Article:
Slowly simmer the bones for 3-4 hours, removing the scum as if forms.
While the broth is cooking, put beef in freezer for about 30 minutes to firm up.
Use a sharp chef’s knife to slice beef against the grain as thinly as possible. Once sliced put beef in a zip lock bag and add ~1 tablespoon of fish sauce. Place in refrigerator to marinate until needed.
After about 2 and a half hours, remove fat from top of broth with a turkey-baster.
Add spice bag then simmer for 1 more hour.
Remove bones, onion, ginger and spice bag and discard then add 1 tablespoon of fish sauce and the juice of 1 lime to the broth
Allow broth to continue simmering while finishing the soup.
Finishing the soup.
Cook noodles as per instruction on bag.
Evenly divide noodles and beef among the bowls, and to each bowl add a small handful of cilantro leaves, and a few shavings of red onion.
Ladle hot broth into each bowl and allow to stand for a minute to cook beef before serving.
Serve with large communal platter of bean sprouts, sliced jalapeno peppers (or finely sliced Thai peppers), lime wedges, and Thai basil.
Season to taste with additional fish sauce, soy sauce, or salt.
If you drive down W. 21st St in Wichita in the late afternoon, chances are that by the time you approach the 200 block you will notice that the air takes on the delicious scent of mesquite smoke and grilled meat. This delightful aroma emanates from a bright yellow food truck, El Pollo Dorado al Carbon (or more accurately the large charcoal grill next to the truck) that can often be found on the north-east corner of W 21st and Wellington.
This truck does one thing–charcoal-grilled chicken–and it does it very well. Out of the small window of the vehicle pieces of chicken, golden/orange from marinating in achiote paste and other herbs and spices, magically appear with a small selection of salsas, ranchero beans, and freshly cooked corn tortilla. The chicken–lightly-spiced and scented with mesquite smoke–is succulent, tender, unctuous, unbelievably flavorful, and grilled to perfection.
The accompaniments are just as delicious. The ranchero beans are flavored with the traditional bean-herb epazote that for some can be an acquired taste, but they are plentiful and served piping hot. The corn tortillas are soft, hot and delicious; the light perfume created by the nixtamalization process is the perfect compliment to the aroma of the grilled chicken. On the night my wife and I visited El Pollo Dorado, we were served three salsas: a garlicky salsa de arbol that would have turned cardboard into a gourmet meal (and have driven-off vampires for at least a two-block radius), a light guacamole laced with habanero peppers and lime juice, and a thin and deceptively spicy, habanero-spiked citrus salsa that I would buy by the tub if it were commercially available.
Like most food trucks in the area, cash is the only form of payment. Half a bird with sides was $8.95 + tax while a whole bird with sides runs $13.95 + tax. It is worth every penny… .
Thai food is one of the world’s great cuisines. I discovered this a teenager growing up in Australia when the irresistible aromas coming from a newly opened restaurant lured me in, while the combination of spice, salt, sweet, and sour that is characteristic of Thai food hooked me completely.
This recipe, an adaptation of one of Thailand’s most famous dishes, Pad Krapow, has a depth of flavor that belies its simplicity. The entire process, from chopping the ingredients to serving, takes no more than 30 minutes. Some of the more exotic ingredients may be hard to find at your local mega-market but if you live in a town with a sizable Asian population, you will most likely be able to find a specialty Asian grocer that stocks everything you need (and much, much more).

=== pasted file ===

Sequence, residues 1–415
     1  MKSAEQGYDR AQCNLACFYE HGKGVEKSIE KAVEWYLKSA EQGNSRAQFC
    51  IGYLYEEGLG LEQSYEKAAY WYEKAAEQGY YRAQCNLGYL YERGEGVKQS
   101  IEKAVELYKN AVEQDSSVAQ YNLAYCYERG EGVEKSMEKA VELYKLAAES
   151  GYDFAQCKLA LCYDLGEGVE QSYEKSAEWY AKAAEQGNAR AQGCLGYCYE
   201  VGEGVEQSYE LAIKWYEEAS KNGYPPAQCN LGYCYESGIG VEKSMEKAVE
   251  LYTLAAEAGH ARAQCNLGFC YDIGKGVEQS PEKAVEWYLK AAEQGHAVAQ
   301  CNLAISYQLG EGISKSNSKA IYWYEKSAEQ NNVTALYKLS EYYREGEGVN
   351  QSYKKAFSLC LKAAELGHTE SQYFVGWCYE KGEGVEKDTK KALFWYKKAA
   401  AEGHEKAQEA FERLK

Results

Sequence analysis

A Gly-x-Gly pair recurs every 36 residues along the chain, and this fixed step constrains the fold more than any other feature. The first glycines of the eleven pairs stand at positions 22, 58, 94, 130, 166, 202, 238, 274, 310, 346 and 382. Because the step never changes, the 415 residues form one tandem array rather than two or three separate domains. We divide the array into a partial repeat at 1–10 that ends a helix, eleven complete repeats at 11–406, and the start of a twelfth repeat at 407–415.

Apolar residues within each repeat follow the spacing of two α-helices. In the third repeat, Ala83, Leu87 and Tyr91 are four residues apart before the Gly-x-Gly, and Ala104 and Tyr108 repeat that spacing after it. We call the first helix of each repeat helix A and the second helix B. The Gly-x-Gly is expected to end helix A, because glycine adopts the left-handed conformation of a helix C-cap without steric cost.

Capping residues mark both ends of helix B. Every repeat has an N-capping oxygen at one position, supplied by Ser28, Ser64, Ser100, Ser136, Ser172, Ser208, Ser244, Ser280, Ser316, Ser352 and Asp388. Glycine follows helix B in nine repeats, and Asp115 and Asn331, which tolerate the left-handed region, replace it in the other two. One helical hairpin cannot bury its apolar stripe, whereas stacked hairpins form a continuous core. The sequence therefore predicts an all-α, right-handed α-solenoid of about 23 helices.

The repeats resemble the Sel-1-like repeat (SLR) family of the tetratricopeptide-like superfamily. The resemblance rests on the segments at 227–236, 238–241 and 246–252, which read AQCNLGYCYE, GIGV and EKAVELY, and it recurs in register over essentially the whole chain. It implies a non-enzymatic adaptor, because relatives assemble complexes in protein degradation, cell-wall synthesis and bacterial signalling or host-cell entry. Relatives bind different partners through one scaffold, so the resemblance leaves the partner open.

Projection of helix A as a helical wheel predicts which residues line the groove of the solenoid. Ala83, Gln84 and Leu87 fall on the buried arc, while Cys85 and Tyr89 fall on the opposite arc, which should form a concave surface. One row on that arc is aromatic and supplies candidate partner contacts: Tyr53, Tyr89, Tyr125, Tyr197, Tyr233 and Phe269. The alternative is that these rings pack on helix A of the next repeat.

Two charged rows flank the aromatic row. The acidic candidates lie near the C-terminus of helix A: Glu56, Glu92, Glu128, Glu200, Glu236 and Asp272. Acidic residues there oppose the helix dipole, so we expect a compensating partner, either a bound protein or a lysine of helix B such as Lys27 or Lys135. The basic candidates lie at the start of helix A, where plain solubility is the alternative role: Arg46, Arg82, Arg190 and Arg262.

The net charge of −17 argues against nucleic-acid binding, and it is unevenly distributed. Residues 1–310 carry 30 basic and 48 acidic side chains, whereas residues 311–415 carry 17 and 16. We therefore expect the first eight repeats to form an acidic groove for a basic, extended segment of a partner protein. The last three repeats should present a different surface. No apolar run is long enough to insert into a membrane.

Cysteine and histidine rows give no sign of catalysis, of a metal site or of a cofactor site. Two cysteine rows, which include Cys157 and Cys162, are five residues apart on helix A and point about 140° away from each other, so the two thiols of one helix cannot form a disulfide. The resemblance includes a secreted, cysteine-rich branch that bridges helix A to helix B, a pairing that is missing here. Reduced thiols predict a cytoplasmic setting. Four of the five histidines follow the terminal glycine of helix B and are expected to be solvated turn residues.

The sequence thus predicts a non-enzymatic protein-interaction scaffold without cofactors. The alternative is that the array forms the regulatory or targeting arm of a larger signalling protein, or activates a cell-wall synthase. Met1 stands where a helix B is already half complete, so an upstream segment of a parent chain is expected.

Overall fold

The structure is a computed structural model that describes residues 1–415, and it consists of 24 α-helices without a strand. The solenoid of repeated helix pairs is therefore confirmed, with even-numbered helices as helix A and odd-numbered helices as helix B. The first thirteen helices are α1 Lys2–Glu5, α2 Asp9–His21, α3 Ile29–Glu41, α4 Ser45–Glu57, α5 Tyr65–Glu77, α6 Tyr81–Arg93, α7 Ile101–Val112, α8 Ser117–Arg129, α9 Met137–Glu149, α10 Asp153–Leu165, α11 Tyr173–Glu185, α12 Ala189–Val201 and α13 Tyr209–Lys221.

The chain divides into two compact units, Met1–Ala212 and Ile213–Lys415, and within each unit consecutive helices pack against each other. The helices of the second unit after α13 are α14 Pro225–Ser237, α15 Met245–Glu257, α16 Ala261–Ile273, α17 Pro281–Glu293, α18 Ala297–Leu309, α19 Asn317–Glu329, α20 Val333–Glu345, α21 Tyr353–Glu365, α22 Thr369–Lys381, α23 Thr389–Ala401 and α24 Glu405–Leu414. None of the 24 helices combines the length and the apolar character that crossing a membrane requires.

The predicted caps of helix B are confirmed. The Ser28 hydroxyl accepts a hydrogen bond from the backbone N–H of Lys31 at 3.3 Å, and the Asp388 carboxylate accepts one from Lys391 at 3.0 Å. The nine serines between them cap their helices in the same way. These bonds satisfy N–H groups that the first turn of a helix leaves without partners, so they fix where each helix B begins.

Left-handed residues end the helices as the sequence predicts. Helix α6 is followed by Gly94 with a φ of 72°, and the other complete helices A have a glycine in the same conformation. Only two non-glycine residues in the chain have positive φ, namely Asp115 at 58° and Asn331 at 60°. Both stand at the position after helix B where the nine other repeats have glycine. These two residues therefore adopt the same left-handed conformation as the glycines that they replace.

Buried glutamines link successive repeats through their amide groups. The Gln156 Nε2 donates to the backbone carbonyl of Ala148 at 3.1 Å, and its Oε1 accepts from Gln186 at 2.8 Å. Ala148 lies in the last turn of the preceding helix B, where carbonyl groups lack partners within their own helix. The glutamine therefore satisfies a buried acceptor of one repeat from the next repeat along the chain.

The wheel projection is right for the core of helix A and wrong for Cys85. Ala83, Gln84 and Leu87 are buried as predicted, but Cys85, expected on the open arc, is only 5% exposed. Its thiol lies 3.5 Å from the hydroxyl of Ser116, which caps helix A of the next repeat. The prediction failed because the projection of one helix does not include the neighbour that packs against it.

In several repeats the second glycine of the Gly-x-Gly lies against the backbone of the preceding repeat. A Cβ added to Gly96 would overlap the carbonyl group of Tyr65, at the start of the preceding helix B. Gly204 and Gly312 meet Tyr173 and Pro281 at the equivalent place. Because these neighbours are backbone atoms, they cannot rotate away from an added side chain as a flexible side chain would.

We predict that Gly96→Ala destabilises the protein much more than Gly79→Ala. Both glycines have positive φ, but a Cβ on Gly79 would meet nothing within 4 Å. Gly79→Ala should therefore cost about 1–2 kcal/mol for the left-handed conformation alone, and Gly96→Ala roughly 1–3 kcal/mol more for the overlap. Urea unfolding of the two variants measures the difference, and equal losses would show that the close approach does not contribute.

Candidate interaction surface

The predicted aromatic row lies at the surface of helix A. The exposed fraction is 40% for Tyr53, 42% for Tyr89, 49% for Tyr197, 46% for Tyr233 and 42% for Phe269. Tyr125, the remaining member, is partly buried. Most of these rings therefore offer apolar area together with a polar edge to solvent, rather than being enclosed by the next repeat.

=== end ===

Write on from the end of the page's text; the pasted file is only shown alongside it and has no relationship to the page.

Thai Chicken and Basil
1 lb of boneless chicken breast or thighs, chopped finely
1 cup of Thai basil leaves (or better yet, holy basil if you can find it)
4 cloves of garlic, minced
1/4 of a medium-sized onion, finely diced
1 teaspoon of red or green Thai pepper, finely chopped (~ two peppers)
1 teaspoon of pad prik khing paste (or red curry paste)
1 tablespoon of fish sauce
1 tablespoon of dark soy sauce
1/2 tablespoon of kecap manis (a sweet, thick soy sauce) *
1 tablespoon of brown sugar (or palm sugar)
1 and 1/2 tablespoons of vegetable oil
1/3 cup of water
*Note: If kecap manis is unavailable add an extra teaspoon of dark soy and 1/2 teaspoon of brown sugar.
Important: Prepare and assemble all ingredients and place them somewhere within easy reach of the cook top where you will be working. Once the cooking starts it goes very quickly and needs almost constant attention.
Heat a medium-sized wok, or a 12″ skillet, over medium high heat until very hot.
Add oil to pan and immediately add onions and garlic. Stir fry until aromatic ~10 to 15 seconds making sure not to let the garlic scorch.
Add the chicken to the wok and stir to mix the onions, garlic and chicken together.
Stir fry until the chicken just begins to lightly brown about 1 to 2 minutes.
Add the pad prik khing or red curry paste and stir fry for a few seconds to coat the meat.
Add the Thai chili, soy sauce, kecap manis, sugar, and the fish sauce to the wok. Let cook for 1 minute, stirring every few seconds.
Add the water to the wok and cook for another minute, stirring mixture occasionally.
Add basil leaves then stir to mix the basil into the mixture. Continue to cook the mixture until basil is just wilted then remove from heat ~ 15 seconds. Serve.
Steamed jasmine rice is a perfect partner for this dish. If you are looking a for a light meal or are counting carbs, place 1 or 2 tablespoons of the Thai Chicken and Basil into lettuce leaves (soft lettuces like butter or bibb work best), and eat like a little green taco.
Panaderia el Marmol
713 W South Ave
Emporia, KS 66801
* Cash only
Looks can be deceiving–especially when it comes to restaurants. A quick glance at the gaudy purple facade, green interior and old worn booths of Panaderia El Marmol belies the goodness to be found emanating from its kitchen. This restaurant and bakery located across from the skate park on South Ave in Emporia, Kansas has a very limited menu but what it does, it does very well.